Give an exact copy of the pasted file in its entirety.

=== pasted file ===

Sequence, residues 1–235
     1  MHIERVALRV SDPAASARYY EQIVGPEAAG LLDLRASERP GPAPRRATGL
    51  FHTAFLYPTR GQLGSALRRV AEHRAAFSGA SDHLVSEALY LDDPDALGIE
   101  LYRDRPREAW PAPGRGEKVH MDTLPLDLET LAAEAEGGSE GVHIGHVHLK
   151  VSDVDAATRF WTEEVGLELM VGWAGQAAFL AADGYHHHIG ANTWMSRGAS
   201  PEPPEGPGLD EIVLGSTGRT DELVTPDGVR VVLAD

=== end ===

Sequence, residues 1–235
     1  MHIERVALRV SDPAASARYY EQIVGPEAAG LLDLRASERP GPAPRRATGL
    51  FHTAFLYPTR GQLGSALRRV AEHRAAFSGA SDHLVSEALY LDDPDALGIE
   101  LYRDRPREAW PAPGRGEKVH MDTLPLDLET LAAEAEGGSE GVHIGHVHLK
   151  VSDVDAATRF WTEEVGLELM VGWAGQAAFL AADGYHHHIG ANTWMSRGAS
   201  PEPPEGPGLD EIVLGSTGRT DELVTPDGVR VVLAD